If you can afford it, it’s helpful to hire a trainer at your local gym for a couple sessions so he or she can walk you through the exercises. Take the list with you (or just have this page loaded on your phone) and insist that you're taught each one.
The next page in this handbook also has advice for how to lift with proper form.
You need to discover your starting heaviness for each of the exercises you’ll be doing.
When you get to the gym, perform each exercise in the list above with a heaviness that isn’t overly challenging but also isn’t so light that you can barely feel it. Once you've found a weight that satisfies this criteria, do 7 reps with it. Then take a 3 minute break and increase the weight to the next heaviness level to see if you can do 7 reps again.
Keep incrementing the weight and taking 3 minute breaks until you get to a heaviness you cannot lift the full 7 reps with. When you get to this level, make a note of the level that came before it. This second-to-last level will be your starting weight when you begin working out next week.
(You can save these numbers in the free mobile app (iOS, Android) I decided to make the app genuinely free — there are no paid gimmicks — in the hope that people who use it would share this handbook in return.)
If you’re working with a trainer, ask them to walk you through this weight-finding process. If you don't have a trainer, don't be be overwhelmed. It's straightforward.
You’re also using this first gym visit to get used to the transportation and parking situation you’ll be dealing with three times a week. (And don’t forget to sign up for a membership while you're there!)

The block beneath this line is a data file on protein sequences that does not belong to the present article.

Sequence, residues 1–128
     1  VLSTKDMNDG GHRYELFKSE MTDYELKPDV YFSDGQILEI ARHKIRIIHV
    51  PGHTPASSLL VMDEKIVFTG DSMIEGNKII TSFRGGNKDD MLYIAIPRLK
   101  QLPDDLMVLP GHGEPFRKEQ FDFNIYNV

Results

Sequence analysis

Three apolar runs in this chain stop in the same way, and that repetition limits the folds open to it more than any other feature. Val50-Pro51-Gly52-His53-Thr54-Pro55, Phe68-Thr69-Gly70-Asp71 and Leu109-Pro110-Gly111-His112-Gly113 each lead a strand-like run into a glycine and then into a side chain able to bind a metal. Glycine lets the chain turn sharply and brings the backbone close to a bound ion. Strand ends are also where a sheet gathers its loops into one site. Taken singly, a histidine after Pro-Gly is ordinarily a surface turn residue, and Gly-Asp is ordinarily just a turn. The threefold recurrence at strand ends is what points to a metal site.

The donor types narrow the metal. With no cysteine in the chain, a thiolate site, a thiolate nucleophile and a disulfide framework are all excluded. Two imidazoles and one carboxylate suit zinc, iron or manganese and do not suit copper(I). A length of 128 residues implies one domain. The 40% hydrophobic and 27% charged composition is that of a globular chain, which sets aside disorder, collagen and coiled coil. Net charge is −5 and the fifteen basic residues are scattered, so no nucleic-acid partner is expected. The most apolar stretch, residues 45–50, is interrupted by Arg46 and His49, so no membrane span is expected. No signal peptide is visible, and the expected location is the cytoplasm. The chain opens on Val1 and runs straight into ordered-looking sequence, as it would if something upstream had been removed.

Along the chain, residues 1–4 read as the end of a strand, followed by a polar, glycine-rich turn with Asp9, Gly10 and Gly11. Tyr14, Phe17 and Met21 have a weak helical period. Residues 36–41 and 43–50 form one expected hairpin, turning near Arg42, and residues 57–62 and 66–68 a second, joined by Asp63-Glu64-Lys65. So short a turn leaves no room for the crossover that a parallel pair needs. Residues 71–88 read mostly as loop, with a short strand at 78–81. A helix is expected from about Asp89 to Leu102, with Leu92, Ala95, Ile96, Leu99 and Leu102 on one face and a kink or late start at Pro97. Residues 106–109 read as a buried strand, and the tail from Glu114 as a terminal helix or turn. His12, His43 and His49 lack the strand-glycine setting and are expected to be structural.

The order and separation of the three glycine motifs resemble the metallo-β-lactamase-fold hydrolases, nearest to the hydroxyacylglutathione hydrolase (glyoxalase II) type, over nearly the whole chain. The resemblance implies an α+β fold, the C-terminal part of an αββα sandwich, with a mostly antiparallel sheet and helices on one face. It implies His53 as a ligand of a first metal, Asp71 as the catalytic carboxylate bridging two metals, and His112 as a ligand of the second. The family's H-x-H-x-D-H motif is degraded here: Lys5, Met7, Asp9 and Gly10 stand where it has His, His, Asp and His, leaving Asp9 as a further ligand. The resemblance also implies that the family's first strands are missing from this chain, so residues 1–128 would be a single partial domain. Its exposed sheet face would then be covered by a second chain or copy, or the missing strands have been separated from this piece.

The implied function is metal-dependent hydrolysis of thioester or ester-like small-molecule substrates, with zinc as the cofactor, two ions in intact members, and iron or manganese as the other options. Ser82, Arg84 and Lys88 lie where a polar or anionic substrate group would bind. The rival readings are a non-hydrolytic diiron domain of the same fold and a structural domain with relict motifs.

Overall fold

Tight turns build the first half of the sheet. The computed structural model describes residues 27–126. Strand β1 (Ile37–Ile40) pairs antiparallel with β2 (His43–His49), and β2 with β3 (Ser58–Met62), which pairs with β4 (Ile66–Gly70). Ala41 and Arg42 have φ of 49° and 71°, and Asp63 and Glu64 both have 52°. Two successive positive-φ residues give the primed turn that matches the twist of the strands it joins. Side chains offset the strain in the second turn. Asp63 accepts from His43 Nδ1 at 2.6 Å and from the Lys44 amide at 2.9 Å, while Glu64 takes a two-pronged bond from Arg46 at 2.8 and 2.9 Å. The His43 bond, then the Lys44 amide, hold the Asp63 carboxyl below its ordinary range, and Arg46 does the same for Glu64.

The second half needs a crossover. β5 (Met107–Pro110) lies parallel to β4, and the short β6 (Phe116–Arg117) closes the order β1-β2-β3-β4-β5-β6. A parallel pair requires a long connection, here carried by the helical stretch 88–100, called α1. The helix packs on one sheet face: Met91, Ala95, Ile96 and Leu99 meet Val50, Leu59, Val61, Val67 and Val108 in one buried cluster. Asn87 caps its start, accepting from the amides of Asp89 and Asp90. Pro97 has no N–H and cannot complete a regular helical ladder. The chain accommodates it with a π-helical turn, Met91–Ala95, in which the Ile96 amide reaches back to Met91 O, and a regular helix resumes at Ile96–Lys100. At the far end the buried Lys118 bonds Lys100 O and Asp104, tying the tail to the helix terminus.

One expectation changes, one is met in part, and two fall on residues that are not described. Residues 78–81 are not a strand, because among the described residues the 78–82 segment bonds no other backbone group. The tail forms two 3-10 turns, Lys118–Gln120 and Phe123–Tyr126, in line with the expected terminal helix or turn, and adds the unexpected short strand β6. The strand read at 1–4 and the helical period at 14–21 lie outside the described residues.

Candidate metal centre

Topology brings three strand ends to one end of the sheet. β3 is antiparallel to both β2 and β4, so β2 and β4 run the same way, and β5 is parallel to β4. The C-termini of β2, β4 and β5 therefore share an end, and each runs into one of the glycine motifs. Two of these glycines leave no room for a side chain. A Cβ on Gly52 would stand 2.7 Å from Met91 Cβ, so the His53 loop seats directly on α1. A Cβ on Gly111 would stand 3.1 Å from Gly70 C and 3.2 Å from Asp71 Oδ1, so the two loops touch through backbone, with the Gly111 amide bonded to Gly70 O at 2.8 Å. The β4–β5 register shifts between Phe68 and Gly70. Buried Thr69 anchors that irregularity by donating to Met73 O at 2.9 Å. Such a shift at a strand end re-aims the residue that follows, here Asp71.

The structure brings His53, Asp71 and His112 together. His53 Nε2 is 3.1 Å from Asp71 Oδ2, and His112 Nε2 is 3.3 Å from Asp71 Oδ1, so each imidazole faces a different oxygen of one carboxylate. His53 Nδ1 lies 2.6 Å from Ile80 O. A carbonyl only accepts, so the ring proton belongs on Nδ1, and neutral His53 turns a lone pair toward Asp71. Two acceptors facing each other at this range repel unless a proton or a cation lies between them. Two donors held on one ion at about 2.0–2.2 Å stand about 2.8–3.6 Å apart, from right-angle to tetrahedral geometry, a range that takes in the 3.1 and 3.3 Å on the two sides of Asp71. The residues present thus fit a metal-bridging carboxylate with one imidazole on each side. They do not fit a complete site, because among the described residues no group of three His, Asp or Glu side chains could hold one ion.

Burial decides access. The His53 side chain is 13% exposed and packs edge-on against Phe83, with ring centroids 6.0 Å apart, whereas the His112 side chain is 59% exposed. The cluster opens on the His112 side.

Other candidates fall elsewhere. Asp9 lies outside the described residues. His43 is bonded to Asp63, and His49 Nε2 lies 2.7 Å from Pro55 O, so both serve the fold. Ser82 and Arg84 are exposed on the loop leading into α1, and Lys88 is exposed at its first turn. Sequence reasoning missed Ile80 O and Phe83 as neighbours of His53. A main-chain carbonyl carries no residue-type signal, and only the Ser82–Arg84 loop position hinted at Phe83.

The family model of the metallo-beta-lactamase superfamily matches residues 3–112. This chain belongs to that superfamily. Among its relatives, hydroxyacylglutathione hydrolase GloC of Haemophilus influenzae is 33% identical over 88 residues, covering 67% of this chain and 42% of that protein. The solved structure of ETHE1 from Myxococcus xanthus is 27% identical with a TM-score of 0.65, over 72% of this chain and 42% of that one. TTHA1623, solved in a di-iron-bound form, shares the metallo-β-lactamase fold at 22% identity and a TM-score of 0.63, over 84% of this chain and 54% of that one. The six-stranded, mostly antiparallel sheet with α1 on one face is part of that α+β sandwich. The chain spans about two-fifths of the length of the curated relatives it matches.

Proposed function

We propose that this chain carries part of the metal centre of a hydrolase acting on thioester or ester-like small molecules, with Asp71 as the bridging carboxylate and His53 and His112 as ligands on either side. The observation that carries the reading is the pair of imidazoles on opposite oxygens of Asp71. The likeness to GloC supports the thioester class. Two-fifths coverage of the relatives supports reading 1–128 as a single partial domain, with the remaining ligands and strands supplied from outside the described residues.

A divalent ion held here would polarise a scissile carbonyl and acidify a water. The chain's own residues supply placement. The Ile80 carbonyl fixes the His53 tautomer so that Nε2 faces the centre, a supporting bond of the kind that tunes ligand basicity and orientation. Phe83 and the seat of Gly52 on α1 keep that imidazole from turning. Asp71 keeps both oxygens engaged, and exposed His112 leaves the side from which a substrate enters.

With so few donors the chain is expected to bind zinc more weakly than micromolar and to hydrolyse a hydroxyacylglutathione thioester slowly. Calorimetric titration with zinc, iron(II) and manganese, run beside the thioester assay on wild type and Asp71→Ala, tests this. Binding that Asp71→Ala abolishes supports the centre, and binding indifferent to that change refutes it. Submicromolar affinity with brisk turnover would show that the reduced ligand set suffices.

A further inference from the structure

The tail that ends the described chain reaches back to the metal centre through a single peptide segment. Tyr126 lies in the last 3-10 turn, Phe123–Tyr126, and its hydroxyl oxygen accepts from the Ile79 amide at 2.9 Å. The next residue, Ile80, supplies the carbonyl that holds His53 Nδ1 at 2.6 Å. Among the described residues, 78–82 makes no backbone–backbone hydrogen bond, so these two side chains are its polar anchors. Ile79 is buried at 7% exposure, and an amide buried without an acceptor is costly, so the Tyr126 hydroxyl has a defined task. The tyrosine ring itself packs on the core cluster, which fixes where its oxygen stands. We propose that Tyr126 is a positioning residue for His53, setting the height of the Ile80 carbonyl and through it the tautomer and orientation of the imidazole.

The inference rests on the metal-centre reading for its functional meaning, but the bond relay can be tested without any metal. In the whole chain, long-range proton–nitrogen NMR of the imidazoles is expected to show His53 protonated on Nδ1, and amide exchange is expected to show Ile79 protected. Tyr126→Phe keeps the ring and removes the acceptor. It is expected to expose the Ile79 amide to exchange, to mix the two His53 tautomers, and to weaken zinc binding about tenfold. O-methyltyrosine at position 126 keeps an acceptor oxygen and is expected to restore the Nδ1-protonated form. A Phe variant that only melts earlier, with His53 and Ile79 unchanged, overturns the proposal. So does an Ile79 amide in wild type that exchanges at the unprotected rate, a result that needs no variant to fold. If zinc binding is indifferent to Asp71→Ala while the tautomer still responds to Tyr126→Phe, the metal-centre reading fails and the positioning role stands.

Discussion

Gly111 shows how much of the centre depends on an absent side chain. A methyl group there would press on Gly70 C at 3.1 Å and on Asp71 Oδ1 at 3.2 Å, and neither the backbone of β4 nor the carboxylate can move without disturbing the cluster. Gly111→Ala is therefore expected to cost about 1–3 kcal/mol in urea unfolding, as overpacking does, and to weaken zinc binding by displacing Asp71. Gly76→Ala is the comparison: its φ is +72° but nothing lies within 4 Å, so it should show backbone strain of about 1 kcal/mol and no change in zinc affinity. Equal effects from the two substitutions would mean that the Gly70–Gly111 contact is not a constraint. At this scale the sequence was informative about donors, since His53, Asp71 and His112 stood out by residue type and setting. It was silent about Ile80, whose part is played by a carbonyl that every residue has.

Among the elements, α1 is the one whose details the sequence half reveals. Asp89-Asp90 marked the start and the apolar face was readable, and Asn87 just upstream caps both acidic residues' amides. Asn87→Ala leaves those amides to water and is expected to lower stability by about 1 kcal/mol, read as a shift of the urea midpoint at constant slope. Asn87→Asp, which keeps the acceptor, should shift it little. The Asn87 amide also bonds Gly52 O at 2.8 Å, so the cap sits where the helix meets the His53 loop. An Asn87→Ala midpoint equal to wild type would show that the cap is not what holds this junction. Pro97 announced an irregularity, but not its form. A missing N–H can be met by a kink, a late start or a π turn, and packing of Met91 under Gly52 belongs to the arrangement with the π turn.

Your goal is to minimize any and all annoyances that stand between you and the gym. The less of a hassle you perceive going to the gym to be, the less likely you are to use it as an excuse to quit this program partway through.
Go figure out what your process is going to be. Start with a small step.
Without good sleep on the night of a workout, your entire day’s worth of proper nutrition, exercise, and supplementation will be severely if not completely canceled out. You also need a good sleep the night before your workout to have enough energy to exercise without getting exhausted (study).
Research concludes that a “good sleep” is around 7 hours (study). Anecdotally, I’ve found no muscle gain and repair issues when I get just 6.25–6.5 hours of sleep, whereas my gains absolutely do stall if I get less than that.
The takeaway is to schedule your late-night partying on days where (1) you aren't working out and (2) you’re not going to be working out the next day either. Because this program requires you to work out three times per week, if you don’t think you can get decent sleep for half the days over the next three months, address your sleep issues before starting this program. Hopefully the advice below will help.